Maximum PC Staff Mar 10, 2010

iBuypower M865TU

At A Glance

Stuart Smalley

Sophisticated looks; truly portable form-factor; improved G92 performance.

Stuart Little

Inferior to quad-cores in apps; 17-inch price; poor battery life.

A 15-inch gaming notebook that holds its own in bigger company

From the looks of it, you probably wouldn’t figure iBuypower’s M865TU for a gaming notebook. Its aesthetic is much more subdued than typical representatives of that class. The chassis is covered in a subtly textured black plastic, with tasteful silver trim around the edges and the touch pad. Unlike other gaming notebooks, backlighting is limited to the power button and an unobtrusive iBuypower logo on the notebook’s lid. Furthermore, the 15-inch M865TU is smaller than many gaming rigs and has a more streamlined formfactor.

But despite its smaller stature and no-nonsense appearance, the M865TU’s got game. That’s courtesy of the Nvidia GTX 260M GPU under its hood. Based on a reworked G92 chip, which uses a smaller, faster process (55nm vs. 65nm) and features slightly higher clocks, the GTX 260M proves more capable than previous-generation G92 mobile parts. For example, the M865TU performed almost 30 percent better in Far Cry 2 and Call of Duty 4 than the 9800M GTX-equipped Qosmio X305 we reviewed in June, with scores of 31.3fps and 58.3fps, respectively, at the notebook’s 1680x1050 native res and the highest quality settings. (This month, we jettisoned the games we have previously used for notebooks reviews in favor of FC2 and CoD4, which are far more indicative of a GPU’s prowess—expect to see these titles integrated into our benchmark chart going forward.)

If not for the tell-tale glossy screen, you might mistake the staid M865TU for a business notebook.

In the applications department, the M865TU is also competent. The rig’s 3.06GHz Core 2 Duo Mobile helped it handily whoop our zero-point notebook in the benchmarks by 30-60 percent. Granted, the story changes when you compare the M865TU to quad-core machines. The Core 2 Quad Mobile part in the Qosmio X305, while clocked at just 2GHz, beat the M865TU by 13-18 percent in the benchmarks that scale with cores (Premiere, Photoshop, MainConcept), although lost to the M865TU in Photoshop by four percent. Naturally, the Core i7 AVADirect D900F (reviewed in September) was even more punishing, winning the multicore-optimized apps by upwards of 60 percent and even Photoshop by 38 percent. Of course, the D900F is a mammoth desktop-replacement rig that costs twice as much as the M865TU—it should dominate.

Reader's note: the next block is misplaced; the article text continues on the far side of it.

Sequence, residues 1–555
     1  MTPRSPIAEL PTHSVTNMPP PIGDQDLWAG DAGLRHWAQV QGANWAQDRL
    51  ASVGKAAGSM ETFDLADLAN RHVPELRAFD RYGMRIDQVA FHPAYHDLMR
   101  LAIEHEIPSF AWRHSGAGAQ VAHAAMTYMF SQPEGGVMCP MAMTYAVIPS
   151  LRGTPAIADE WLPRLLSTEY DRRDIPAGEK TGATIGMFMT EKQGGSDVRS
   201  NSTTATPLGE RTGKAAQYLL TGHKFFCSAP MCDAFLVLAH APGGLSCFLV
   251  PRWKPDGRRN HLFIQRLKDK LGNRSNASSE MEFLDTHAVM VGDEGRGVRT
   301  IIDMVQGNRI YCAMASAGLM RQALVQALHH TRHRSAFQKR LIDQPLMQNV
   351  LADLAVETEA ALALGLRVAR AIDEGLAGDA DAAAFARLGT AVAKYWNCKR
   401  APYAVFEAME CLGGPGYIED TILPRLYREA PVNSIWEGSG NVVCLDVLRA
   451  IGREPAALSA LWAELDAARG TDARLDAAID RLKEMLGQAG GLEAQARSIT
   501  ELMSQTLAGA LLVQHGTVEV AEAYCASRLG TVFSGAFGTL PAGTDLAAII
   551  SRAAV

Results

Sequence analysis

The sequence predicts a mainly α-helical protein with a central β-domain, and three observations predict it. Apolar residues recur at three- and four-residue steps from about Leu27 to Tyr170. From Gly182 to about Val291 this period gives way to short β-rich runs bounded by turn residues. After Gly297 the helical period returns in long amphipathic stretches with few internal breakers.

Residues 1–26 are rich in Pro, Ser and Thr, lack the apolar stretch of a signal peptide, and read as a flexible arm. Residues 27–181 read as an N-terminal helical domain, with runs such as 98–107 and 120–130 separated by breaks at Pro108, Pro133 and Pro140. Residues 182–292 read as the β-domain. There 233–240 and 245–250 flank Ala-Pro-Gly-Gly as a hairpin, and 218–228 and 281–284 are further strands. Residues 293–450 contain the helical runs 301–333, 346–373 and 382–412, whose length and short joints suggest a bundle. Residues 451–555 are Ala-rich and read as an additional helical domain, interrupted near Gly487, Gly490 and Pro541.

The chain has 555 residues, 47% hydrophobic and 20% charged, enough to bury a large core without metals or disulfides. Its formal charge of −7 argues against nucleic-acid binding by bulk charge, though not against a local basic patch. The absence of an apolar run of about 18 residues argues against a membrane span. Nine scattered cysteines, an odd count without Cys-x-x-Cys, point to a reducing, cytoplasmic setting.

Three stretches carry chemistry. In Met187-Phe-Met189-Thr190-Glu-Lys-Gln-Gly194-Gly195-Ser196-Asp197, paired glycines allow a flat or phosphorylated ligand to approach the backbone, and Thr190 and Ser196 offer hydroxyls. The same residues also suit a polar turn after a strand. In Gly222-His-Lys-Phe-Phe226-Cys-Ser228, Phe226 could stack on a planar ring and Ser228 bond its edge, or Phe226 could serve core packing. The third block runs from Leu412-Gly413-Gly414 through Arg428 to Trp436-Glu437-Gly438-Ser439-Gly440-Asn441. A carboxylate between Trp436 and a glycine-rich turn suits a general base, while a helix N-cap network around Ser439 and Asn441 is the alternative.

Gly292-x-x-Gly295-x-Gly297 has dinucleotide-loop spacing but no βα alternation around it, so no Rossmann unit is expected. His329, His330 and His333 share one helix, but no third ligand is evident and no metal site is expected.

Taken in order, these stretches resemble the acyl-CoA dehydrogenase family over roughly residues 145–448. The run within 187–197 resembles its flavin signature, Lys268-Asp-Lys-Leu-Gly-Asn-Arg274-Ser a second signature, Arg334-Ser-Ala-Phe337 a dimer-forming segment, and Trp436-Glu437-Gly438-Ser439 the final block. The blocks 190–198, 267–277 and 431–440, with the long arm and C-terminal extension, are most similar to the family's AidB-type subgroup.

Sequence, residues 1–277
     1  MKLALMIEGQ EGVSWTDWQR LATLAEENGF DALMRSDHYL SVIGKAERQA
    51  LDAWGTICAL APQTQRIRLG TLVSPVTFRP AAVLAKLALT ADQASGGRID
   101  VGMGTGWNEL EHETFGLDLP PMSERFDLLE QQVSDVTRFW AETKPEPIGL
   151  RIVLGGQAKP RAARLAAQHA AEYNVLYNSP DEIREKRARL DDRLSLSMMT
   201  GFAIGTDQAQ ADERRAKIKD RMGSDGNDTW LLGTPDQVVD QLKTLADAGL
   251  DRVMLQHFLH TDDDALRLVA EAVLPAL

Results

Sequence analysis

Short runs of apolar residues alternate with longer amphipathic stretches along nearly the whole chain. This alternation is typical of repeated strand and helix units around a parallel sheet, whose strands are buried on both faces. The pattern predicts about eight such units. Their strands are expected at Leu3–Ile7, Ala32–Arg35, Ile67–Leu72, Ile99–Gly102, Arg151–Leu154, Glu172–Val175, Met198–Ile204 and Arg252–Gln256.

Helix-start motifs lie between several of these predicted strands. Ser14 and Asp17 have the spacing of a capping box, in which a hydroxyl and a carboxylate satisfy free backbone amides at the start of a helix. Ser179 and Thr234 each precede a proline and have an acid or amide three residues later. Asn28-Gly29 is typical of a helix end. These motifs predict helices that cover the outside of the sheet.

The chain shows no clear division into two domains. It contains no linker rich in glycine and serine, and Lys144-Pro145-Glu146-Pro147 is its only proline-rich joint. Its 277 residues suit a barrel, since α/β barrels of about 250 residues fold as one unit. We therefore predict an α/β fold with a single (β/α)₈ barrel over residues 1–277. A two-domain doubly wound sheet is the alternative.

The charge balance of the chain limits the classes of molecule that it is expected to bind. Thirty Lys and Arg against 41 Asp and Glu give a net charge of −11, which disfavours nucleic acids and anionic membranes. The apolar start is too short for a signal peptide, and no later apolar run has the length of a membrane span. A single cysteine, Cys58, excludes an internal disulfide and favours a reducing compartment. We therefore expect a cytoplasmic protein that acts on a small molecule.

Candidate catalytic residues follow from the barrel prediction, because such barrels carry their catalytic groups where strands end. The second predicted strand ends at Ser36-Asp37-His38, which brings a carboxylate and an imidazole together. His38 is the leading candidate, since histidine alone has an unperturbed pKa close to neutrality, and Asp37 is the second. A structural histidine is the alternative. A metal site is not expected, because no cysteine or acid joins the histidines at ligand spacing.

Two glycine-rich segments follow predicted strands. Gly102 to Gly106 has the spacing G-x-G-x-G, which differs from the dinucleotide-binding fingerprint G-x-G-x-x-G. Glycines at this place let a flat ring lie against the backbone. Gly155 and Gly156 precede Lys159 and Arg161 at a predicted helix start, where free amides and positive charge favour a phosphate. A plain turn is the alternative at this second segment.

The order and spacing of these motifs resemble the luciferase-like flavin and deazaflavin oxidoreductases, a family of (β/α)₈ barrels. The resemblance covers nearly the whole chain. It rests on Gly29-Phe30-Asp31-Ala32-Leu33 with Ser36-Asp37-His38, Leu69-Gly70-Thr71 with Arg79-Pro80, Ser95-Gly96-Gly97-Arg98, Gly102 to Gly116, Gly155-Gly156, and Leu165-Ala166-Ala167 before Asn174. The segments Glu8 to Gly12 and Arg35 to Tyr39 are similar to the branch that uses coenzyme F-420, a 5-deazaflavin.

What we like about the M865TU is that it provides decent application performance, a marked improvement in single-card notebook gaming, and a more portable size and weight—it’s lighter by two or more pounds than other gaming notebooks we’ve tested recently. Sadly, its battery life isn’t much better than the pack’s, lasting just one hour and 40 minutes when playing a movie in power-saving mode. Oh, and the speakers suck.

iBuypower M865TU
CPU3.06GHz Core 2 Duo Mobile T9900
RAM 4GB DDR3/1,066MHz
Intel PM45
Hard Drive
500GB Seagate ST9500420AS (7,200rpm)
Optical Toshiba TS-L633A CD/DVDW
GPU Nvidia GeForce GTX 260M
Ports DVI, HDMI, Ethernet, modem, three USB, eSATA/USB, FireWire, three analog in/out, 7-in-1 media reader, Express Card
Lap/Carry12 lbs, 0.4 oz / 14lbs, 15.6 oz

Zero Point
iBuypower M865TU
Premiere Pro CS3 1,860 sec
1.320 (40.9%)
Photoshop CS3
237 sec
147 (61.2%)
2,416 sec 1,504 (60.6%)
MainConcept 3,498 sec
2,702 (29.5%)

Our zero point notebook uses a 2.6GHz Core 2 Duo E6700, 2GB of DDR2/667 RAM, an 80GB hard drive, a GeForce Go 8600M, and Windows Vista Home Premium.


iBuypower M865TU

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